Saturday, May 15, 2004

Bloodsucking Fiends

Michael of the Blowhards discovers vampire fiction. Or, I should say, vampire fiction that existed before Dracula. Specifically, there is the fairly famous novel Carmilla by J. Sheridan Le Fanu, and there is John Polidori's The Vampire which was in turn based on an idea originally entertained by Byron before he set it aside.

I've loved vampire stuff for years (Alan Ryan's anthology The Penguin Book of Vampire Stories is one of my favorite books), although my interests in vampires don't tend to be very well-served by the vast bulk of vampire literature out there. I tend to think more along the lines of the horror of vampires and the curse inherent in their existence, whereas it seems that most vampire stories either concentrate on the religious aspects of vampirism (often with a healthy dose of Catholicism), or on the erotic nature of vampires (must be all those finely-shaped female necks).

I have written two vampire stories in my "fiction career" (encapsulated in quotes because I'm not sure that producing a body of unpublished work constitutes a career). One was the standard "Boy meets girl, girl is really vampire" tale (and it's available here); the other is quite a bit more horrific. At some point I took it into my head that maybe in Nazi Germany there was a colleague of Dr. Mengele's who wondered if he could create a vampire from scratch, using the poor souls in the concentration camps to perform his experiments. I took several whacks at this story idea before finally completing a version I titled "The Balance in the Blood", and to this date it's still the most horrific thing I've written. I'm still not sure if I like it, although it alone of the stories I've written received the most "friendly" rejections. Go figure.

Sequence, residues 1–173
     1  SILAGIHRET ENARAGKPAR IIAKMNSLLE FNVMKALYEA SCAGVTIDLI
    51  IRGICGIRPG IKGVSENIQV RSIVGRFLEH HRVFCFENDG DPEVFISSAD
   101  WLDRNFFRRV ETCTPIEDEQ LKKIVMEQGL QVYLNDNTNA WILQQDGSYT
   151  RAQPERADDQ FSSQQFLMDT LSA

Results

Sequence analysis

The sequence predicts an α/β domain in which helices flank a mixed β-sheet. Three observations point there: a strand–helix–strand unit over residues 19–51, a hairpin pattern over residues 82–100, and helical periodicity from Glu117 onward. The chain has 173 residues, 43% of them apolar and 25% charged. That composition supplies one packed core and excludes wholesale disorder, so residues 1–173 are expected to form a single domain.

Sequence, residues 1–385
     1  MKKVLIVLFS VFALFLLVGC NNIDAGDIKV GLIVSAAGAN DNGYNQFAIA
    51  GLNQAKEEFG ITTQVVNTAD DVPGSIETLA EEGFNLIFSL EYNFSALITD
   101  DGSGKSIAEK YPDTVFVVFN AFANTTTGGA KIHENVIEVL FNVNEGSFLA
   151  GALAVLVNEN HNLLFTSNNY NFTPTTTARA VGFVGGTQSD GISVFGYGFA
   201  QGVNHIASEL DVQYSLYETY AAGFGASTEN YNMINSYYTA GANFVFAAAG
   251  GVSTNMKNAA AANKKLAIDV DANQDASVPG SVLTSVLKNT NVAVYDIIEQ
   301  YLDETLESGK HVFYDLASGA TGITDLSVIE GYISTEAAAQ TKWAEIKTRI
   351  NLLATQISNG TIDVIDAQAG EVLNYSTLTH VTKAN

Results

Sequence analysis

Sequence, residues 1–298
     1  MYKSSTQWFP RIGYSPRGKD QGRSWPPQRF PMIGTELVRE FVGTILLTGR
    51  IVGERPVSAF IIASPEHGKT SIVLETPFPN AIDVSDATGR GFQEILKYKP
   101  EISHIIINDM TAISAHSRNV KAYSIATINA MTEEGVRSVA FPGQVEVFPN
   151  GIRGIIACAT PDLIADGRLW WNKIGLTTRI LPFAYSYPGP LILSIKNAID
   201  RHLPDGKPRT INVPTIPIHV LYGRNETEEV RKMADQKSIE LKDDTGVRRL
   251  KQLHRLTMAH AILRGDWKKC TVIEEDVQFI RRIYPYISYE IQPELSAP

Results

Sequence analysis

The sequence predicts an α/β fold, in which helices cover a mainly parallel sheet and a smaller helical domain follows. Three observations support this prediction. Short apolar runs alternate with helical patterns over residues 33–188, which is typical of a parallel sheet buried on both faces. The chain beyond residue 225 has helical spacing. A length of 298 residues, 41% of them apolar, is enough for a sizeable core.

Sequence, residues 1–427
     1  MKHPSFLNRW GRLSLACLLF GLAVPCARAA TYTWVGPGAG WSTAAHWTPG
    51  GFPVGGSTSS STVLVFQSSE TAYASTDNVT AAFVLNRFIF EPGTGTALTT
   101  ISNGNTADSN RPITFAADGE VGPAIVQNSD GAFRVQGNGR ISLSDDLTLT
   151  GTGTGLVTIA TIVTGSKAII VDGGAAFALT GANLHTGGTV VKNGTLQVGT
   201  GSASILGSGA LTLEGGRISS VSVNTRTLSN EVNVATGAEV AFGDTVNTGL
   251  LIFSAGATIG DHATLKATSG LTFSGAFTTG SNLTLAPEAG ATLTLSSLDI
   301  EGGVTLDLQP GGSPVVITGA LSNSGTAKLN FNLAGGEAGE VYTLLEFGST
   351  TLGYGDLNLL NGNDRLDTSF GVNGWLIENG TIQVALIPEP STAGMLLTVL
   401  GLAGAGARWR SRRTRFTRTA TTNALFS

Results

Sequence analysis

Vampires are hard to do: their lore is so standardized by now that one must either tick off the standard memes of vampire stories, or at least mention why they don't work along the way. (Witness the bit in Interview with the Vampire, when Louis reveals that vampires aren't particularly afraid of crucifixes, or the hilarious scene in Love at First Bite when the guy who's convinced that George Hamilton is a vampire tries to ward him off with a Star of David.) If you skirt some of these issues, people will become confused as to whether you're writing a vampire story at all; but on the reverse side is the fact that all that vampire lore can end up making a story pretty predictable.

And yet, there they are, those blood-drinking dwellers of the night, captivating the hell out of me. I wonder what it would be like, living in a world where the graveyards lose population at night. I wonder if they'd be unthinking, zombie-like monsters or erudite, suave almost-people whose personas are tinged with profound melancholy. It's no wonder that I keep returning to vampires; it's no wonder that I keep reading about them; and it's no wonder that in my college-geek AD&D years, my favorite player character was my Necromancer whose favorite spell was "Vampiric Touch".

(The title of this post, by the way, is an allusion to a wonderfully funny vampire story by Christopher Moore.)

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